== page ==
Starting Today, Gas Tax Takes Another Big Bite at the Pump
SACRAMENTO — California’s nation-leading gas prices are set to climb even higher Monday, when the state gas tax increases another 5.6 cents a gallon.
The total tax on gas reaches 47.3 cents a gallon Monday, according to the state Board of Equalization, and will continue to increase indefinitely starting next year to keep up with the California Consumer Price Index.
A 12 cent-per-gallon boost came November 2017, and voters last year rejected a Republican-led effort to repeal the law. But Southern California voters did recall one Democratic lawmaker who helped pass the measure.
Average in Fresno Area: $3.75
California motorists were paying an average $3.75 per gallon for regular gas as of late June — far above the national average of $2.71 calculated by AAA . The new gas tax will push the California average above $3.80.
In the Fresno area, the average for a gallon of gas in late June was $3.74, compared to $3.65 a year ago. The all-time high for the metro area is $4.63, set in June 2008.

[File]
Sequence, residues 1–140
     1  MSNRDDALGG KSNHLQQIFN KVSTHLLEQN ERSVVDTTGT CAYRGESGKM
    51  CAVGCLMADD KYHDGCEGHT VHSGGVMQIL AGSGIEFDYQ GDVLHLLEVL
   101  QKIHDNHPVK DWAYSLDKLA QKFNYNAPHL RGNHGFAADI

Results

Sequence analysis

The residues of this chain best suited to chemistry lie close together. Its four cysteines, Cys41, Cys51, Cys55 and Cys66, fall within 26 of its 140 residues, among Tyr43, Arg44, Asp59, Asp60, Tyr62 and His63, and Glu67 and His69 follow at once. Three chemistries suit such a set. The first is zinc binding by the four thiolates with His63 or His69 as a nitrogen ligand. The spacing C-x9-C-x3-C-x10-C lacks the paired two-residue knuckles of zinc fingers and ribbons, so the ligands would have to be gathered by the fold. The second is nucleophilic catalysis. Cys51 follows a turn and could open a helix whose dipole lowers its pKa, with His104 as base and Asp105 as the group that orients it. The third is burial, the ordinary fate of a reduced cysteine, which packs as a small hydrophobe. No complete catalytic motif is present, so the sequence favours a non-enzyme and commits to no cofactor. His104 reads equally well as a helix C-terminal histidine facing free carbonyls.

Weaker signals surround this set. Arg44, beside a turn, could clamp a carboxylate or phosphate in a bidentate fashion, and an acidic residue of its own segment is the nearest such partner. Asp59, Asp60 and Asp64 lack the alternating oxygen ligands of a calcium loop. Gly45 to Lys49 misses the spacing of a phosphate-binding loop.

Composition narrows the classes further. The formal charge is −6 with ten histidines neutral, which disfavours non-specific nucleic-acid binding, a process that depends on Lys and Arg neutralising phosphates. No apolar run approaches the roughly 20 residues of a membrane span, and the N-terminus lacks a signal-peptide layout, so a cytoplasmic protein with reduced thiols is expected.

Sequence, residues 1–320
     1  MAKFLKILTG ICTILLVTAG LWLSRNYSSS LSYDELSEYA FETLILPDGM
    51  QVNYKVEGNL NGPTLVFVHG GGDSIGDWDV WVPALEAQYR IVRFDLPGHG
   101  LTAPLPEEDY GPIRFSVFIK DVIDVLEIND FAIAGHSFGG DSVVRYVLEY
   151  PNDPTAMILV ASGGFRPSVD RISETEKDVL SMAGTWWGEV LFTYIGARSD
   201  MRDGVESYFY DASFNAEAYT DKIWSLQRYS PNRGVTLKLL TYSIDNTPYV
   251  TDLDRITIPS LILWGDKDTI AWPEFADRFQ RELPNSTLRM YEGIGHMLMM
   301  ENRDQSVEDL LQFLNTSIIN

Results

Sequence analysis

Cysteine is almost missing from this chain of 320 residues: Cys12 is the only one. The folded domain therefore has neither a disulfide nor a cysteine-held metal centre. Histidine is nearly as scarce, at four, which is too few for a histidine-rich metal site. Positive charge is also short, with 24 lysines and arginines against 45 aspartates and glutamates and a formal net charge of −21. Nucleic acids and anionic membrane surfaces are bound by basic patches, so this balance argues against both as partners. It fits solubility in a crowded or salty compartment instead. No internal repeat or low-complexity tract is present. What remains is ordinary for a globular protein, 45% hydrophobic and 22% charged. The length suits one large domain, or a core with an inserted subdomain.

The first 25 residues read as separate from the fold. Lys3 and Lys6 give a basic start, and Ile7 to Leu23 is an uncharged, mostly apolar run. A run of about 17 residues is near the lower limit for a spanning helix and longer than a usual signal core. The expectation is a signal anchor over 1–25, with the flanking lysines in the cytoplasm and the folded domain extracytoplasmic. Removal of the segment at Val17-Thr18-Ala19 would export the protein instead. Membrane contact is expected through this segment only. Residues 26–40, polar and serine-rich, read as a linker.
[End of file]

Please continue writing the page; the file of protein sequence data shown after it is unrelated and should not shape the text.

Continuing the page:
Revenue from California’s gas tax is split between state and local governments, with much of going to fix potholes and rebuild crumbling roads and bridges. Some also is going to public transportation, biking and walking trails, and other projects.
Political Sniping Over Gas Prices
Republicans pointed out again that the tax is increasing even as Gov. Gavin Newsom and fellow Democrats complained about high gas prices.
Newsom in April blamed possible “inappropriate industry practices” rather than higher taxes and stricter environmental rules, and California Energy Commission investigators subsequently pointed the finger at “possible market manipulation” by retailers.
The impending 5.6 cents per gallon boost “will make California less affordable and take another $850 million out of our families’ pocketbooks,” said Senate Republican Leader Shannon Grove of Bakersfield. Assembly Republicans floated an amendment to delay the increase, but majority Democrats blocked the attempt two weeks before the increase takes effect.